The Press, September 2009
Every night we see them on TV. Famous people, more often than not sports stars, hucking some sort of product or service. Some are painful, some entertaining but is it smart marketing or a waste of precious promotional dollars?
If there was a world championship of celebrity endorsers, the likely winner was in New Zealand last week for the Winter Games in Queenstown. 22 year old American Shaun White dominated the snowboarding competition at the Winter Games, days after cleaning up at the Burton New Zealand Open. The ‘flying tomato”, as the flame-haired White is sometimes called, is also a pro-skateboarder with a growing reputation.
In a niche sport that pays meagre prize money, White is earning a solid income. At around $13 million in 2008 according to Forbes Magazine, he out-earns most of New Zealand’s richest sportspeople. It was reported earlier this year that Sir Russell Coutts was our top earner on $15 million, trailed by the likes of Ryan Nelson ($9 million), Brad Butterworth ($8 million), Scott Dixon ($6 million) and Michael Campbell ($4 million).
Endorsements have been the key to White’s financial success, bettered only in the action sports world by famous skateboarder Tony Hawke. White is backed by companies like Burton Snowboards, Oakley Sunglasses, the Target retail chain and computer company HP.
White has succeeded through the smart use of his personal brand. He hasn’t tried to grab as many advertisers as possible, or do outrageous things to court controversy. In fact White reportedly turns down a lot more offers than he accepts, and could be earning more in the short term if he was less fussy.
There is a virtuous cycle to his approach. The brands he chooses to endorse influence people’s perception of him, affecting his brand and therefore his future value. He understands the need to align himself with products that reflect well on his own ‘brand’. And the stronger people’s perception of him the more likely his endorsers are to get increased sales.
Being from a minor sport, White is of course a long way behind the words superstar sports celebrities. Tiger Woods earned $180 million in the year to June 2008, English soccer player David Beckham ($85 million), golfer Phil Mickelson ($70 million) and Formula 1 driver Kimi Raikkonen ($65 million).
That a significant amount of this money is made up of company endorsements would suggest it is seen as an effective strategy. However a recent academic study questions this. A Massey University study published in January studied the effect of endorsement announcements in the USA on a company’s stock price. They showed a slightly negative effect on stock prices across those studied, suggesting there is ambivalence about the effectiveness of such promotional activity.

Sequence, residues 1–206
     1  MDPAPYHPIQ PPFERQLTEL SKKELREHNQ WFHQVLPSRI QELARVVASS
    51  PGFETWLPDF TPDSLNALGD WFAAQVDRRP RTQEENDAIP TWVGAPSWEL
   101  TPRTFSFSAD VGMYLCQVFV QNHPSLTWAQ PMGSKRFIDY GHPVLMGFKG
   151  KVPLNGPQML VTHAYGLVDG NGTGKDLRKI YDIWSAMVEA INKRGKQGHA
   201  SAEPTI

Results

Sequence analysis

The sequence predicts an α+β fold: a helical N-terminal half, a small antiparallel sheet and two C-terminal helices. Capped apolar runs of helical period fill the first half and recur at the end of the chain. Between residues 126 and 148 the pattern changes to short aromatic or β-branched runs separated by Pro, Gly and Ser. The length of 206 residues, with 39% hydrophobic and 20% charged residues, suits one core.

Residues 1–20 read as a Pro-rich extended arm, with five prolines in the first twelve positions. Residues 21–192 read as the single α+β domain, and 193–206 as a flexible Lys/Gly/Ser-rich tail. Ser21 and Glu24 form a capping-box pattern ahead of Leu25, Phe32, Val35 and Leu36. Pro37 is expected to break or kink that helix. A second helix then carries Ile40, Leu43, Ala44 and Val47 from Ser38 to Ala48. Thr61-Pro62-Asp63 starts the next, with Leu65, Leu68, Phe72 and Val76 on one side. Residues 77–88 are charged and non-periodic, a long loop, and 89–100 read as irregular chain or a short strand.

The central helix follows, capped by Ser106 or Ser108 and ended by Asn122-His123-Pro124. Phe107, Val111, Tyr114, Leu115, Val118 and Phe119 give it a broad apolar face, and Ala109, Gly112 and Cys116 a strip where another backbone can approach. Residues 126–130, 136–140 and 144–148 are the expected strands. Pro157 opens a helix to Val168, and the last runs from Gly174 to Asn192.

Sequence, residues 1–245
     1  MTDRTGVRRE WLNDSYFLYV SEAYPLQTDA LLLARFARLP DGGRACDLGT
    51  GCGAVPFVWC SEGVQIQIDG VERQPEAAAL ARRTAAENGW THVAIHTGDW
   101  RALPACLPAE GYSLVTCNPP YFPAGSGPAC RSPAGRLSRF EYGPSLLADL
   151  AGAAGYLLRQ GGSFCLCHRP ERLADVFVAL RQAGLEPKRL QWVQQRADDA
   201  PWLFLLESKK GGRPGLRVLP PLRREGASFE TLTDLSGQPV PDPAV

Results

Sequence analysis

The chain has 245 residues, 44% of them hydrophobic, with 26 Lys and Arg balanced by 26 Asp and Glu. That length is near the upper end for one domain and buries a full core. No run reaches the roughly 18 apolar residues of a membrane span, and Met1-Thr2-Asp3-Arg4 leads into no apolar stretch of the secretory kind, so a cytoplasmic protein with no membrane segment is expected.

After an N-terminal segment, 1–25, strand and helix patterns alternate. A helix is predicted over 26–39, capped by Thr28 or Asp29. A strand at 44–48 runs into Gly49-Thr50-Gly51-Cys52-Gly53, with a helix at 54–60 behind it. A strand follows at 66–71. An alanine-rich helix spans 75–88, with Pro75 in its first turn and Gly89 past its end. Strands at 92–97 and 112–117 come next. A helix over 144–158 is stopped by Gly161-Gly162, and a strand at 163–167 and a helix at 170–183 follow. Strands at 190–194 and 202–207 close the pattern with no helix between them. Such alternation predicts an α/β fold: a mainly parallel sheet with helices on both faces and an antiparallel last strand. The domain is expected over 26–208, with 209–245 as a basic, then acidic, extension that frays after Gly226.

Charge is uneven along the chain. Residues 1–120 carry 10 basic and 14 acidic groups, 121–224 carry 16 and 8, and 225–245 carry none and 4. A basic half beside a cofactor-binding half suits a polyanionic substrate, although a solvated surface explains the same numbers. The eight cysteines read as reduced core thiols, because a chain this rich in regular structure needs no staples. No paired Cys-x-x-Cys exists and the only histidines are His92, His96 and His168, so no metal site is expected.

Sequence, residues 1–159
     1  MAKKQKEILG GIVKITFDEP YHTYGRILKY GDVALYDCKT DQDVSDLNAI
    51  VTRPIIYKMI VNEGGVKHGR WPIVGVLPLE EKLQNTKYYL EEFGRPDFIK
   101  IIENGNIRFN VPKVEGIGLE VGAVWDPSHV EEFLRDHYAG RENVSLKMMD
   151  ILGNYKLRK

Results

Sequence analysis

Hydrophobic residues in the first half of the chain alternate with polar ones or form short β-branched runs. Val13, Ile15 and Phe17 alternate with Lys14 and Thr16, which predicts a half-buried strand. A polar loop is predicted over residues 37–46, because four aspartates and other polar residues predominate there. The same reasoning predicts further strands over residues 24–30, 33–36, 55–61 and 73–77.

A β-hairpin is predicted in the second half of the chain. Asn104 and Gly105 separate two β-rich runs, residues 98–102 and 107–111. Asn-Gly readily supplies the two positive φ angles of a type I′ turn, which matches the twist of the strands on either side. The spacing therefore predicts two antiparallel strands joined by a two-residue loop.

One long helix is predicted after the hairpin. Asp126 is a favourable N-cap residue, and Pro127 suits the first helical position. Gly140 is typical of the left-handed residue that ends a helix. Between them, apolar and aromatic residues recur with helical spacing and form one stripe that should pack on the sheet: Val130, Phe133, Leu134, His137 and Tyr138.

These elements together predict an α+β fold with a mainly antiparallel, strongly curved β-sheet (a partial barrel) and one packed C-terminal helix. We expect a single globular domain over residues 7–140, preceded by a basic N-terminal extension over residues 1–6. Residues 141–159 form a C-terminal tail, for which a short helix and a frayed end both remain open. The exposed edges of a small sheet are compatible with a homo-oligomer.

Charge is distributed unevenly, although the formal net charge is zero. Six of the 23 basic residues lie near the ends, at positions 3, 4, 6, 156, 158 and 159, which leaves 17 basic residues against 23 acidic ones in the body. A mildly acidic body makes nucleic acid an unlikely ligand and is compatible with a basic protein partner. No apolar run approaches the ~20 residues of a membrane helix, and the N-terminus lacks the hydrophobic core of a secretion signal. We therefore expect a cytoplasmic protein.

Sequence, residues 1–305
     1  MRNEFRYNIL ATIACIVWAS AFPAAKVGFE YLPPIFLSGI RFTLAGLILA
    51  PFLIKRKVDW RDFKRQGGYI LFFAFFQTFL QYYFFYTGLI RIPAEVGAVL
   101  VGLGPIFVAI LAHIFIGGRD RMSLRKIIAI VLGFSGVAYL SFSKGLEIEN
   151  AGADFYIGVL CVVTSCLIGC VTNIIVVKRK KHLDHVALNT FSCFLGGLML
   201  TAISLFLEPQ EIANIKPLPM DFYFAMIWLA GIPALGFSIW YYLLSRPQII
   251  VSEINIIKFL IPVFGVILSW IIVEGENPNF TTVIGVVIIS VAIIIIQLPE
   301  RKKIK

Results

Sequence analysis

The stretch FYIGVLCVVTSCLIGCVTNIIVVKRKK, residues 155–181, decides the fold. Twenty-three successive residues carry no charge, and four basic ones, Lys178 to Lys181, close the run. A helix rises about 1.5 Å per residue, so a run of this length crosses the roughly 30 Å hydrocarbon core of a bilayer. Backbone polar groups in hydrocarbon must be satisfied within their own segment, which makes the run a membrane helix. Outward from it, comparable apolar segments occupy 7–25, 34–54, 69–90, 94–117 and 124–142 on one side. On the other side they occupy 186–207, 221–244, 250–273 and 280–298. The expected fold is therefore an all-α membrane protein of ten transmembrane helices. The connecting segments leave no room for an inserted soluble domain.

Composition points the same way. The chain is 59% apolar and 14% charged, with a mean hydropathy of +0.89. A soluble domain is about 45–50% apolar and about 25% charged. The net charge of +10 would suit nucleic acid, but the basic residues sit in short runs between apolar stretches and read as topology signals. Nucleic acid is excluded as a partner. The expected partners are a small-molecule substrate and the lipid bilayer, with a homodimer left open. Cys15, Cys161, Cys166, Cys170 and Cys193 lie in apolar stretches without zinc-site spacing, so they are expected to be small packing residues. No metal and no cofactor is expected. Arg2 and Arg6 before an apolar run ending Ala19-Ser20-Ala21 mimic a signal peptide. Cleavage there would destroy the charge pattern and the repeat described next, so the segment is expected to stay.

One issue is that while a company can back a famous sports person for their talent, you have to take all other aspects of their behaviour with it. Celebrity endorsement is basically a transfer of value from Brand A (the celebrity) to Brand B (the advertiser). Advertisers hope the positives of Brand A will transfer in the customer’s mind to their Brand B and motivate purchase.
Which means that while the clean-cut persona of a star like Dan Carter reinforces his sporting talent and enhances the value his sponsors get, negative behaviour has the opposite effect.
There is the famous example of the cricketer Shane Warne, having endorsed a smoking cessation product for $200,000, was caught on film puffing away after a match. Or the Australian national rugby league, who chose Brett Stewart and Greg Inglis as two of their stars to promote the league, only to have both suspended in 2009 for drinking and violence incidents.
It can work back the other way also. Sir Colin Meads’ reputation as a legendary All Black was tarnished by his endorsement of the failed Provincial Finance. Many Kiwis lost money in a finance company Sir Colin told us was “solid as.” While he was in no way to blame for Provincial’s incompetence, some of that negative feeling must rub off on him.
It is not just bad behaviour that can reduce the value of endorsement though. Marketing expert Jack Trout says the more aligned the public’s perception of the star and the product being promoted; the more likely it is to sell. He points to Tiger Woods’ endorsement of Nike golf balls which had a positive effect on sales, while a similar promotional role didn’t deliver the same result for the Buick car brand. Consumers saw it as credible Woods using Nike balls, but perceived Buick as a promotional gig for a rich guy who could afford far more prestigious wheels.
Using well known people to grow awareness of your brand can be a sound strategy, but it has to be handled carefully. They must appeal strongly to your target market, the image they project has to align with your company’s messages, and you need to be confident they will act with integrity.
This delicate balance can be achieved and produce results. After winning the Winter Olympics gold media in 2006, Shaun White was besieged by commercial offers, but resisted the temptation to appear in ‘cheesy’ advertisements that would have been lucrative but done long term damage to people’s perception of him.
Thus he has remained real and authentic in the eyes of his youth market, which has helped him build a strong portfolio of sponsors and earn good money. And avoid that groan factor of seeing another painful celebrity endorsement on TV.